Bullish on Love and Adventure: Chivalry as Speculation in the German Arthurian Romances

Article excerpt

Adventure and love are speculative in the modern sense. In the romances of Hartmann von Aue and Wolfram von Eschenbach, they tend continually to be oriented towards a conclusion or closure that has not yet occurred, a final result that has not yet been established, a game that has not yet been decided, as this essay endeavors to show. (WH)

Nearing the end of his joint adventures in the company of his wife Enite, Hartmann von Aue's Erec catches sight of the castle Brandigan, which will be the site of his last and greatest challenge called joie de la curt (Joy of the Court). By this point, Erec has seemingly done all he needs to do to reconstitute the honor he had lost due to an overly strong amorous and erotic attachment to Enite and a resulting neglect of chivalric action. It has long been considered that this final adventure is intended to provide a succinct version of Erec and Enite's own story.1 Mabonagrin, the knight against whom Erec will contend, has isolated himself from the court because of a vow he has made to his beloved lady to remain with her forever in a secluded garden. Despite numerous differences, the situation of Mabonagrin and his lady reflects the earlier one of Erec and Enite in the important respect that an excess of amorous desire deprives the knights of their status and court society suffers on account of the loss of its best knights. This final and perhaps most significant adventure of Hartmann's version of the story of Erec and Enite, considered the first truly Arthurian romance in Germany, has also to do with something else that is clearly quite important in the thinking of a knight such as Erec, above and beyond the specific thematic and structural role played by joie de la curt in this particular romance. The specific aspects of the adventure at joie de la curt-which most notably include the great fame and reputation of the opponent against whom Erec has the opportunity to fight-give it an irresistible allure. Erec's chivalric companion Guivreiz does his best to dissuade Erec from riding on to Brandigan and what Guivreiz feels will be a fatal adventure, and later even the King of Brandigan himself acts against his own self-interest (i.e. because the defeat of Mabonagrin would bring about his return to the social life of the court) in trying to talk Erec out of undertaking the adventure (for example, by providing the details of the demise of the many knights before him who have dared to undertake it). All of this, however, only increases Erec's resolve. Erec reveals his state of mind and how he regards the unexpected possibility of this adventure with words that could be taken as the exemplary casting of chivalry as speculation:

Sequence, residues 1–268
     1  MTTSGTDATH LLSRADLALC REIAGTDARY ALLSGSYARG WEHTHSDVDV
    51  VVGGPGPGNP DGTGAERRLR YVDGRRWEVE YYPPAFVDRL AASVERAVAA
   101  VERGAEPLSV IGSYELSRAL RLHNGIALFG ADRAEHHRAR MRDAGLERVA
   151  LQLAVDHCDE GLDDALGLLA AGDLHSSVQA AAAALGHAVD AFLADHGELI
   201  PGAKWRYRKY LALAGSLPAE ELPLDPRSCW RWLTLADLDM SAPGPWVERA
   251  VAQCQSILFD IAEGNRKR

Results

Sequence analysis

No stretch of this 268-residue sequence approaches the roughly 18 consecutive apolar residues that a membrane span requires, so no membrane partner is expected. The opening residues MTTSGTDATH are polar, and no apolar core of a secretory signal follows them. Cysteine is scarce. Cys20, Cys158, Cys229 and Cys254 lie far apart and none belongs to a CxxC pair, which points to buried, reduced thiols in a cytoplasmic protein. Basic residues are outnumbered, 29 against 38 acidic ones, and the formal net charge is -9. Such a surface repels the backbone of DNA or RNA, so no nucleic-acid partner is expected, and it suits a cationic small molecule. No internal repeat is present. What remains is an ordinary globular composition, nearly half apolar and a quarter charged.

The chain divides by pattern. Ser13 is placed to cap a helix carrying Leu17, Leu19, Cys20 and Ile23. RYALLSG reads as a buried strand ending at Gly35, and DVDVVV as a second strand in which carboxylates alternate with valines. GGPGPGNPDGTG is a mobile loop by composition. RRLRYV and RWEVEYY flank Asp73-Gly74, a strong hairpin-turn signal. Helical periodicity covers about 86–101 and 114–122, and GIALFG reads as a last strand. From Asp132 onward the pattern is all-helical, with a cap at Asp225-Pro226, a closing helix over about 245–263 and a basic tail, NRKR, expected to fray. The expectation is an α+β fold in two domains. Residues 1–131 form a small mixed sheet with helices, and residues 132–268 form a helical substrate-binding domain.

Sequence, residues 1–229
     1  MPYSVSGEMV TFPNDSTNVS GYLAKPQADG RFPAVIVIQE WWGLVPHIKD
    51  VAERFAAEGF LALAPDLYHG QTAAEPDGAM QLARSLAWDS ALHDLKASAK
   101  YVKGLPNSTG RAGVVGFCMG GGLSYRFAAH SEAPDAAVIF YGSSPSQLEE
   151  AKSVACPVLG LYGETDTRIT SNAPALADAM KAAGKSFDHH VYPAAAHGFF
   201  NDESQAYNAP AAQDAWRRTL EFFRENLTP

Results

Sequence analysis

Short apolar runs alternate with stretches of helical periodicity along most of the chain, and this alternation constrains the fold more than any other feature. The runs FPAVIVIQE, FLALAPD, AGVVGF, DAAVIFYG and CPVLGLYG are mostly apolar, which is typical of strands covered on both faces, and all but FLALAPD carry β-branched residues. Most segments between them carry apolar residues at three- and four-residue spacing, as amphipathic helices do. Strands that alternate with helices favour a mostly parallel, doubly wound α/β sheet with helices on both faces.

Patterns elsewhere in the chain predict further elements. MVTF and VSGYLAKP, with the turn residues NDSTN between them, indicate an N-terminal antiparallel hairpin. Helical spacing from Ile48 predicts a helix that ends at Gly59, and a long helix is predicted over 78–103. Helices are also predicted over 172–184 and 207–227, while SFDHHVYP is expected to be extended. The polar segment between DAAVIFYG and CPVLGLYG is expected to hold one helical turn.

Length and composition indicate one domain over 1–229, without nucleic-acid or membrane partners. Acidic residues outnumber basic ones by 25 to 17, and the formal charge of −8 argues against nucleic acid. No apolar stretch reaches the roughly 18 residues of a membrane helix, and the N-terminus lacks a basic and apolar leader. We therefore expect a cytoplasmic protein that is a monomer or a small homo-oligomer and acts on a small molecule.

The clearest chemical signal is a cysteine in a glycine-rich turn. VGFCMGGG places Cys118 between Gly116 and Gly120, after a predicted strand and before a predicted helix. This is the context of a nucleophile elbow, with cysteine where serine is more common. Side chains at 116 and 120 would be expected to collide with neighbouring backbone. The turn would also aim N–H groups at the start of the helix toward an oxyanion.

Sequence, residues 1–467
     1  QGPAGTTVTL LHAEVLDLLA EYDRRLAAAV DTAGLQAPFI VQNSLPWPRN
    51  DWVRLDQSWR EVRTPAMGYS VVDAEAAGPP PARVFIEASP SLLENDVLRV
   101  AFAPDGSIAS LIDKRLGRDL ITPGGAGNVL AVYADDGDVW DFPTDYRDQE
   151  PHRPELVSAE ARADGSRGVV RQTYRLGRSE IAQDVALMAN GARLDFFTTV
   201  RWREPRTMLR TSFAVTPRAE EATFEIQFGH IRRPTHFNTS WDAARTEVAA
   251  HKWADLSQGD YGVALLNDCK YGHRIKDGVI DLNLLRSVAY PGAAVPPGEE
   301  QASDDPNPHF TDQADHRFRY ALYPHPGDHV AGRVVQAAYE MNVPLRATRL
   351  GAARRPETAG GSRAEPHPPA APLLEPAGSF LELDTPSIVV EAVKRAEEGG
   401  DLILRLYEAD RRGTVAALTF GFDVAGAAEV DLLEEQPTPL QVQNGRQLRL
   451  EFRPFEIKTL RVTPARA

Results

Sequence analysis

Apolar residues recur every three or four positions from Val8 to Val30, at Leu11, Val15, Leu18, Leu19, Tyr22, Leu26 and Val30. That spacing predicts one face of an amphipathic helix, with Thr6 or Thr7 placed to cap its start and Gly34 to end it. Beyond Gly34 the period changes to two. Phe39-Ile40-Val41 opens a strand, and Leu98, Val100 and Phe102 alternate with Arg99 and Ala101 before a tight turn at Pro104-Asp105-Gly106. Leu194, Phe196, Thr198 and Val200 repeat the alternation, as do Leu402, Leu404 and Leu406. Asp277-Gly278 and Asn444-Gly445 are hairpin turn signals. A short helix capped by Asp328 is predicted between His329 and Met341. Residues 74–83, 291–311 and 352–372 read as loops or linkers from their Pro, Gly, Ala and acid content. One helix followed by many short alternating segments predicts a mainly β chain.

'ich weste wol, der Sæ lden wec

gienge in der werlde eteswâ,

rehte enweste ich aber wâ,

wan daz ich in suochende reit

in grôzer ungewisheit,

unz daz ich nû vunden hân.

got hât wol ze mir getân

daz er mich hât gewÎset her

dâ ich nâch mÎnes herzen ger

vinde gar ein wunschspil

dâ ich lützel wider vil

mit einem wurfe wâgen mac.

ich suochtez unz an disen tac:

gote lop, nû hân ichz vunden

dâ ich wider tûsent phunden

wâge einen phenninc.

diz sint genæ declÎchiu dinc,

daz ich hie vinde ein sæ lic spil.' (ll. 8521-38)2

[I knew well that the Road to Salvation passed somewhere in the world, but I did not know exactly where, so in great uncertainty I rode out seeking until I found it here. God has treated me well by directing me here, where I may find, according to my heart's desire, the ideal game in which with one throw I can wager a little to win a lot. Until today I have been seeking it. Praise God, now I have found it, where I can wager a penny against a thousand pounds. It is a fortunate thing to find such a game here.]3

This consideration, important enough that Erec elaborates on it for another thirty-seven verses (ll. …